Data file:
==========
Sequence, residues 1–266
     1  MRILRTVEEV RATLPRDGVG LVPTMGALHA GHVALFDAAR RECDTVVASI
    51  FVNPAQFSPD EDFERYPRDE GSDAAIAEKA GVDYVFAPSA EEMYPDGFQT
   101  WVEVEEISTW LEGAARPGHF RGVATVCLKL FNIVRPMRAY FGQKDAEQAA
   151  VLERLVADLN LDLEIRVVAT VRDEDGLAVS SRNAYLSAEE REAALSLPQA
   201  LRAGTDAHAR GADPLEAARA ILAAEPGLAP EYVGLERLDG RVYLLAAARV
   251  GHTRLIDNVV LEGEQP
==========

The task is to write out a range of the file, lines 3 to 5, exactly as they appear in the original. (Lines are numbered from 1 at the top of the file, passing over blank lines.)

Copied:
    51  FVNPAQFSPD EDFERYPRDE GSDAAIAEKA GVDYVFAPSA EEMYPDGFQT
   101  WVEVEEISTW LEGAARPGHF RGVATVCLKL FNIVRPMRAY FGQKDAEQAA
   151  VLERLVADLN LDLEIRVVAT VRDEDGLAVS SRNAYLSAEE REAALSLPQA